July 3, 2010

An American Yogini.

Declaration of Interdependence

We hold the truth of Self Realization:

That all people are divinely unified;

That we are empowered by Universal Source with certain infinite potential;

Awakened by prana, moksha, and surrender to Bliss.

As American as John (Cougar) Mellencamp, I too was raised in a small Indiana town. “Taught the fear of Jesus in a small town. Used to daydream in that small town. Another boring romantic—that’s me.”

As I have traveled far and wide from that little mid-western community, I have seen what it means to be an American in the light of its beauty and its paradox. It has brought me to the question of what it means to be an American yogini in the new millenium.
Just as the richness of our national culture is cultivated by its multiformity; so too, my personal yoga “blissipline” is enriched by many teachers and approaches to the practice. It is a celebration of diversity and of the interconnected rivers that run beneath the surface of it all. It is an opportunity to initiate my own rites of passage and sacraments of meaning as they honor and edify my inner guru. It presents both an exotic adventure and a stable hOMe.

I wrote the above passage based on the Declaration of Independence (below), which was almost (but not quite) a fitting manifesto:

We hold these truths to be self-evident…
Satya is a sanskrit word for truth. It comes from the root word, Sat, which means is-ness. In other words, Sat is something so profoundly true that it needs no further definition than simply to say, “it IS.” As an American Yogini, I am a Sat Seeker: seeking the truth of my dharma; my true nature; the truth of my relationship to the world around me; the truth in politics, religion, and sciences; the truth of my mind. What I find is Self Realization.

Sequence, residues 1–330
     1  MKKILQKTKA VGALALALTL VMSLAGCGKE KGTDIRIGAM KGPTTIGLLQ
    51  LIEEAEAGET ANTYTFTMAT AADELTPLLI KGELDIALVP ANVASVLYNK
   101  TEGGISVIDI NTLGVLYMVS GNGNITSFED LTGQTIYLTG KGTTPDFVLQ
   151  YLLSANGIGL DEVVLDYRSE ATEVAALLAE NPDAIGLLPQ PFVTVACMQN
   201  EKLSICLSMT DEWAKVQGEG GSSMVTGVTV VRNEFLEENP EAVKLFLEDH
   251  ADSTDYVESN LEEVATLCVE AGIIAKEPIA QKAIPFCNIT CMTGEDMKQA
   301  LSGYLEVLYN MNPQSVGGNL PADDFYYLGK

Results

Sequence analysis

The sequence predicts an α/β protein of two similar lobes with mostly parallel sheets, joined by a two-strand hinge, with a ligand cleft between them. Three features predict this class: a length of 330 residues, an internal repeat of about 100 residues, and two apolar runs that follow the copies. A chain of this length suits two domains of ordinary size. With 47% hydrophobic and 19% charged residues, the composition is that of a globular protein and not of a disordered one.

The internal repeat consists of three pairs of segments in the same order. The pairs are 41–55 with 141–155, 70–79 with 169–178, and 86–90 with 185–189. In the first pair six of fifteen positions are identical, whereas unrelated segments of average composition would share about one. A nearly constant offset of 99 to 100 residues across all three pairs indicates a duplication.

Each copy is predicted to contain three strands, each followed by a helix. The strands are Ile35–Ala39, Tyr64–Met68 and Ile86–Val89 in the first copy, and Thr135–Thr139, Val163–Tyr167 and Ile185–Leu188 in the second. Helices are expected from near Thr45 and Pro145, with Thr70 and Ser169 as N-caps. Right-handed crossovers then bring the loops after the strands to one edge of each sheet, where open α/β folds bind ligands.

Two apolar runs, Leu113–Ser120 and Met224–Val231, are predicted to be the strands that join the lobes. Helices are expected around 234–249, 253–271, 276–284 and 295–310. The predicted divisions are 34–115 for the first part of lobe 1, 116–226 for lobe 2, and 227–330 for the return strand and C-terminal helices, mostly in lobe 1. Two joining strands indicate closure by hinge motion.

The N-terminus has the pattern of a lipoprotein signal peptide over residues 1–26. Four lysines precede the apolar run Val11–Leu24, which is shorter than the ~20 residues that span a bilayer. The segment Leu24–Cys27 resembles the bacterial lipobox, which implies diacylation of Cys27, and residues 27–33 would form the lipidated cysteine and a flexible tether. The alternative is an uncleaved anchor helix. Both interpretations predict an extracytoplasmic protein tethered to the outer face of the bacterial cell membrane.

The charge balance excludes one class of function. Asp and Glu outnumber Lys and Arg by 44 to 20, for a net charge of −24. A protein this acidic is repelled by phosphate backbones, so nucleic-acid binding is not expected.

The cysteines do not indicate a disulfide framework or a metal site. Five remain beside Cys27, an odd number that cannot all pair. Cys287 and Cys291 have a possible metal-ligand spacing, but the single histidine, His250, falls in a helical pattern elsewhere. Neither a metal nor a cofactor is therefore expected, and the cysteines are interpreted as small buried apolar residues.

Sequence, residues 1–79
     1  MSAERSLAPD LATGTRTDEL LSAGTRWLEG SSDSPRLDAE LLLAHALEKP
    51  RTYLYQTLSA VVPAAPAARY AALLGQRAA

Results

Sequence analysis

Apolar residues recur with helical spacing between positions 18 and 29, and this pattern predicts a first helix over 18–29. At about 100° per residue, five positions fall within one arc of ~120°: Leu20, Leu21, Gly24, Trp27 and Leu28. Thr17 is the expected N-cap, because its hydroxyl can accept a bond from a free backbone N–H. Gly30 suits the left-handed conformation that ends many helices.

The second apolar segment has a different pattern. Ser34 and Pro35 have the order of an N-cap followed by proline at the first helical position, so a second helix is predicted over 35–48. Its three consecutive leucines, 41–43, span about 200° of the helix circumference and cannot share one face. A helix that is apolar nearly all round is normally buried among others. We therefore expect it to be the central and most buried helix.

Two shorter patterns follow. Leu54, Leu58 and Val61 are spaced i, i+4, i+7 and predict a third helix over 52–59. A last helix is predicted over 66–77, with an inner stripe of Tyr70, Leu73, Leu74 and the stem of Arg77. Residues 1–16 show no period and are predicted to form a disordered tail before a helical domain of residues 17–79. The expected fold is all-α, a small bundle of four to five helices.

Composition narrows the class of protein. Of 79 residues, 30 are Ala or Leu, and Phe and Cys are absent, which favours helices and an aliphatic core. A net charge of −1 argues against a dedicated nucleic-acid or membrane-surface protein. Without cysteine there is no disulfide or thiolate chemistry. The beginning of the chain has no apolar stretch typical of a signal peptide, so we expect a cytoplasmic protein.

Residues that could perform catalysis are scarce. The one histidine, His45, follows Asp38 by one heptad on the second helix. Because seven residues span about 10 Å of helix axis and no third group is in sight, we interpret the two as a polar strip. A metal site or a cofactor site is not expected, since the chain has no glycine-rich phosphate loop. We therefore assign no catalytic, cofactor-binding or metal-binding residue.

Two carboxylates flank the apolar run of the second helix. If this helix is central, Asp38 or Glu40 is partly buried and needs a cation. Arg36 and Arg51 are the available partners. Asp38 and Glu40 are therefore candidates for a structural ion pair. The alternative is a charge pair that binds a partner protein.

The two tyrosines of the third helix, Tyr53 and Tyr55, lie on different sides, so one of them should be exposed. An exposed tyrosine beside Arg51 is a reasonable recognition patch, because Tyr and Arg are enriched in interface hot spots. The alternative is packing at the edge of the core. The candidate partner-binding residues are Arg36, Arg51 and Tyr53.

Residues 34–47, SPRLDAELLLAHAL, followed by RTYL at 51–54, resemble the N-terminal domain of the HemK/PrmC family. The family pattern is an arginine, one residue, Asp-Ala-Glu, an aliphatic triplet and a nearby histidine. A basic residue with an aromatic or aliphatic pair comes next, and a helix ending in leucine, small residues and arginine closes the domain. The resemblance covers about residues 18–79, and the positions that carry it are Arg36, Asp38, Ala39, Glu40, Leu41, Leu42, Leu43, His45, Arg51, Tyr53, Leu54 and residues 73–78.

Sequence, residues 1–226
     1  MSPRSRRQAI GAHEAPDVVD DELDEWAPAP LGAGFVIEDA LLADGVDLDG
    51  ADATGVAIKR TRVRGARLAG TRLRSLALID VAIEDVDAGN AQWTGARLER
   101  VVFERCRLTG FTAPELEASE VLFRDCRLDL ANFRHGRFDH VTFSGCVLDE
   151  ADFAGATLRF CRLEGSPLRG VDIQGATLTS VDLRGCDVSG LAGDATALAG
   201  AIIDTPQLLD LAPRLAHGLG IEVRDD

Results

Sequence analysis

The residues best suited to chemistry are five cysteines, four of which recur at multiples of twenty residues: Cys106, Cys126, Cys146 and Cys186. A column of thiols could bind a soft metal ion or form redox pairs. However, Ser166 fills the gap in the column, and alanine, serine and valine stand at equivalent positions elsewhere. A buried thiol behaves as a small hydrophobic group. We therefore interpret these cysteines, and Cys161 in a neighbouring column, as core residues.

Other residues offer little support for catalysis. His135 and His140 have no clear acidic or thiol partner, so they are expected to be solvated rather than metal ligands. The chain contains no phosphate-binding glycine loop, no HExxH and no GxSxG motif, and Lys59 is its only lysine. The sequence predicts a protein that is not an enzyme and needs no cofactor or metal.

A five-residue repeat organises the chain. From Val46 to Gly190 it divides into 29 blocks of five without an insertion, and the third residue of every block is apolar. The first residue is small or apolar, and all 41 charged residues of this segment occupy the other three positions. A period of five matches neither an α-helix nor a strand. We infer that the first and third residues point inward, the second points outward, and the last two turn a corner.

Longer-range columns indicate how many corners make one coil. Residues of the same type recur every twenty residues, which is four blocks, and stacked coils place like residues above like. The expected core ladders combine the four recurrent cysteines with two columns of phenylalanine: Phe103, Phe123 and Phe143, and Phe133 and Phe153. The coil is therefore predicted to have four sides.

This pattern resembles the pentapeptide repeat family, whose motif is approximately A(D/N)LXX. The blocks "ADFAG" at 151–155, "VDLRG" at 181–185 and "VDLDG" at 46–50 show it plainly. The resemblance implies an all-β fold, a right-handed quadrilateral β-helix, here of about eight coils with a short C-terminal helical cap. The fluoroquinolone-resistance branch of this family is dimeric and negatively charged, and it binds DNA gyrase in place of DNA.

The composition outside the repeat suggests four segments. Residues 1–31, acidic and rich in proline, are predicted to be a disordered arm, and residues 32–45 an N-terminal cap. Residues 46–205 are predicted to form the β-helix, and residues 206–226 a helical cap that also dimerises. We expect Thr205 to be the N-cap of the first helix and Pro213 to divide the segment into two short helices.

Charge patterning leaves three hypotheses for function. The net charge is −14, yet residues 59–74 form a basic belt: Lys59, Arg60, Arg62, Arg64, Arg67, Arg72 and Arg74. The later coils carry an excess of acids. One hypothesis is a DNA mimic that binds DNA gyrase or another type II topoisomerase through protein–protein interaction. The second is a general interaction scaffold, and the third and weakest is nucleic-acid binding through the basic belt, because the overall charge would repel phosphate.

…that all men are created equal…
As an American Yogini, it is apparent that all people are divinely unified. I bear witness to the pulsation of Universal Consciousness conjoining us all. I can see a holy man, where someone else may see a homeless man.

…that they are endowed by their Creator with certain unalienable Rights…
As an American Yogini, I am empowered with the awareness of my own infinite potential and the potency of my choices.

…that among these are Life, Liberty and the pursuit of Happiness.
As an American Yogini, I’ve learned how to stoke the life force of prana within me and that moksha (liberation) is available in the next breath. I realize that so much suffering can be avoided when I stop pursuing happiness, but instead, surrender to the bliss of my True Nature. As an American Yogini, I appreciate a community that reminds me daily of my own True Nature. And I get to enjoy the honor and interdependence of reminding others of their True Nature, in return.

I am truly grateful and undoubtedly blessed to be an American Yogini.

Namaste and Happy Interdependence Day!

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